Every business has some trade secrets, right? But what are they and are they being properly protected are key questions that every business owner must recognize and face. Sometimes, the results are not quite what was expected, much to the dismay of the business owner.
Arizona is a party to and has adopted the Uniform Trade Secrets Act, which does provide guidance. ARS §44-401(4) defines a trade secret as:
“[I]nformation, including a formula, pattern, compilation, program, device, method, technique or process, that both:
(a) Derives independent economic value, actual or potential, from not being generally known to, and not being readily ascertainable by proper means by, other persons who can obtain economic value from its disclosure or use.
(b) Is the subject of efforts that are reasonable under the circumstances to maintain its secrecy (emphasis supplied).”
Trade secrets are a different category of intellectual property, separate and apart from patents, trademarks and copyrights, but still deserving of protection. With trade secrets, there is theoretically no time limit for the umbrella of protection unless the business does not take steps that are deemed reasonable under the circumstances to maintain their secrecy.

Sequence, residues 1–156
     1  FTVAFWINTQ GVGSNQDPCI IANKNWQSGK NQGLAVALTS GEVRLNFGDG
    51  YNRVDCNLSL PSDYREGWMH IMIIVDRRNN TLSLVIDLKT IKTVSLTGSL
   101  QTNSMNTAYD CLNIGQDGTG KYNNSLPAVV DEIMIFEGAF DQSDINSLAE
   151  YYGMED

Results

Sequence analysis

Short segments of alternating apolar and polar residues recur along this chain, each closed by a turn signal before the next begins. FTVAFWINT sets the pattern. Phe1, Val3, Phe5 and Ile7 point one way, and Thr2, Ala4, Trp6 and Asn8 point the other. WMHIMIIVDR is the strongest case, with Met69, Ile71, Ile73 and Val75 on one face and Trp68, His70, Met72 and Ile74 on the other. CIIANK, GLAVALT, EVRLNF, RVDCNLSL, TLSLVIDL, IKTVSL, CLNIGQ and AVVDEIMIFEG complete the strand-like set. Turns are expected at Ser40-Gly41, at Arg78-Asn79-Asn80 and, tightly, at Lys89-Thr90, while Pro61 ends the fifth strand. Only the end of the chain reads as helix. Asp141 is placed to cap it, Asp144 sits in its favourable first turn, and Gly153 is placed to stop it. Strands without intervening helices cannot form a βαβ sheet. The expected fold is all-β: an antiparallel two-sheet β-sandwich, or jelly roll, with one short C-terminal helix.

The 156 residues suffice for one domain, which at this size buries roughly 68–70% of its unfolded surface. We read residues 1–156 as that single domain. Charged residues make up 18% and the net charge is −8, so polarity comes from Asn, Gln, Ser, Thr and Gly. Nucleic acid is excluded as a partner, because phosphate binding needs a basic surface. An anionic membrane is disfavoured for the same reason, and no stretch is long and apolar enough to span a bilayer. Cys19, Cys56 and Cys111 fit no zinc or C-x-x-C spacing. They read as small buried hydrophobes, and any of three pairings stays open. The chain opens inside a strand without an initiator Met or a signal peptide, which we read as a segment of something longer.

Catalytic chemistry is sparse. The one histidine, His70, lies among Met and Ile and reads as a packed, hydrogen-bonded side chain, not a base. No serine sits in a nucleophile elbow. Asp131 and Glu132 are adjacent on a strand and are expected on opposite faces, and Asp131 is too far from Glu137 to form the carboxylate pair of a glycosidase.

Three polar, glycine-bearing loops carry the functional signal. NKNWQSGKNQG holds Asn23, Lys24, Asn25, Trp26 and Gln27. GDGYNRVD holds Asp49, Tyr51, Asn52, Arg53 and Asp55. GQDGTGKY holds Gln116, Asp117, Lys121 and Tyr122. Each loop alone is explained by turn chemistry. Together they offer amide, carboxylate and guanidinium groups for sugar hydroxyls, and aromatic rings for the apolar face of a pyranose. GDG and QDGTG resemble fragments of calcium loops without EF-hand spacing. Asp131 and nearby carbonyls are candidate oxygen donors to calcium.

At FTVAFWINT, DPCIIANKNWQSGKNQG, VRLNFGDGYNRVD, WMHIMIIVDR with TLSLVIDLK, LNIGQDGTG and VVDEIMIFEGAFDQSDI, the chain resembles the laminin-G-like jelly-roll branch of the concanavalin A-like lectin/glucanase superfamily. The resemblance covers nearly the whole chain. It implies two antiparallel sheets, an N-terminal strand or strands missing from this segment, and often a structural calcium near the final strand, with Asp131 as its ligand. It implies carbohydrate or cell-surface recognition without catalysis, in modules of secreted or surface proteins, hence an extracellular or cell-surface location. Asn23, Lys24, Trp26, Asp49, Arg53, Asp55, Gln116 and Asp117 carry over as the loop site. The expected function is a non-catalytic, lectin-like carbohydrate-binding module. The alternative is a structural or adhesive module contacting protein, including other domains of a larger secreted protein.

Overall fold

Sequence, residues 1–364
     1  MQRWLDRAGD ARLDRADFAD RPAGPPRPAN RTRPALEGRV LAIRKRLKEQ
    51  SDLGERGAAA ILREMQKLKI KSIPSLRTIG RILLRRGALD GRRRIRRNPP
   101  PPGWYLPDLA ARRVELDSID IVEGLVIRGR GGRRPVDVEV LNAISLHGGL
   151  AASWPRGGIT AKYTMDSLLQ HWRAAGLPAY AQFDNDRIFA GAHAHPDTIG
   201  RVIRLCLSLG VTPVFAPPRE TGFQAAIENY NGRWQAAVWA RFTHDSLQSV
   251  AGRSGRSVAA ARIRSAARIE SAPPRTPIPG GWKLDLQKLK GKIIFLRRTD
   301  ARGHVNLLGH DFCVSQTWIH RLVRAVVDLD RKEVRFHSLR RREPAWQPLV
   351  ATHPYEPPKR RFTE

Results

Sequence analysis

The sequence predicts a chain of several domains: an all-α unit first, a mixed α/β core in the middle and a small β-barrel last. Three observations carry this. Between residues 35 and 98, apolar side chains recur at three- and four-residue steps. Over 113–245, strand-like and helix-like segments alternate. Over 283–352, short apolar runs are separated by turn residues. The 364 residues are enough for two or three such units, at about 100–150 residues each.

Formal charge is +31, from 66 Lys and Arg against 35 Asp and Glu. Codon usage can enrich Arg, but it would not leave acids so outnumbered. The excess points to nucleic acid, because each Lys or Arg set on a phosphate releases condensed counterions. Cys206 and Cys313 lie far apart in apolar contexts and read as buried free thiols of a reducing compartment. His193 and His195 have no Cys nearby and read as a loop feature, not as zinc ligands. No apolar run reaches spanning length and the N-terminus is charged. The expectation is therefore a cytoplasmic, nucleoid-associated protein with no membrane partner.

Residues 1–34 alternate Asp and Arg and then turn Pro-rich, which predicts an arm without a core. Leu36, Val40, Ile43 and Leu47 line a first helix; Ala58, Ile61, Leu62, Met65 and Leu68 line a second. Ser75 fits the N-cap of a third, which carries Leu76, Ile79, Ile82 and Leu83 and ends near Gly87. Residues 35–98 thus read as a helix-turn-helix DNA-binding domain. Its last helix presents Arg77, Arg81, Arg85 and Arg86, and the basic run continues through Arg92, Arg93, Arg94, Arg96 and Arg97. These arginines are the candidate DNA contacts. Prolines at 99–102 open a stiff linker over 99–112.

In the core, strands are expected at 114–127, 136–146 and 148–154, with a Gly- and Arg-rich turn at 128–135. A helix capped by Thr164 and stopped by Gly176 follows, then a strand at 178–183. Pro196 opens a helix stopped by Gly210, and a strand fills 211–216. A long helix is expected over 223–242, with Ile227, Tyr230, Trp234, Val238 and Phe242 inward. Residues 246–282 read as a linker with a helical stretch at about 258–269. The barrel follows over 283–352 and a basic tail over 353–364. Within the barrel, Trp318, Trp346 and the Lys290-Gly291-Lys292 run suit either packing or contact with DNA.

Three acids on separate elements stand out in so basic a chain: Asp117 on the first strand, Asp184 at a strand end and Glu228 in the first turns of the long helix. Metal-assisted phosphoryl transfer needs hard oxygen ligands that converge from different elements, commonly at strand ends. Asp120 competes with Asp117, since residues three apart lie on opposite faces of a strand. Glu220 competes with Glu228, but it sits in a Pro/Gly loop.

As an example, let’s assume that a sales company stores its customer lists, marketing plans and pricing information on a shelf in its work room. All of these items are unsecured, not marked as “confidential” or “trade secrets” and are generally available to the whole office staff and anyone else who might be in that space. This would be a clear case of a company failing to take reasonable efforts to maintain the secrecy of these important assets. It is highly unlikely that these trade secrets would be deemed protectable by the company.
What are some practical steps the company might have taken to garner this protection? It should have designated these items as trade secrets and highly confidential. The company should have limited access to these items whether by lock and key if in hard copy format or by password if kept electronically. In addition, the company should have required non-disclosure, confidentiality and non-solicitation agreements, particularly from those employees having access to the trade secrets, as well as from customers, visitors and other persons having access to the company premises or computer system.
This simple example illustrates how so many businesses with valuable trade secrets do not take adequate steps to protect them, thereby likely rendering those trade secrets non-protectable. Every business should take stock of what its “crown jewels” are and then develop and implement a plan to properly protect them. It’s not difficult, but so often ignored.
Michael W. Margrave
Disclaimer: This blog is for information purposes only. Legal advice is provided only through a formal, written attorney/client agreement.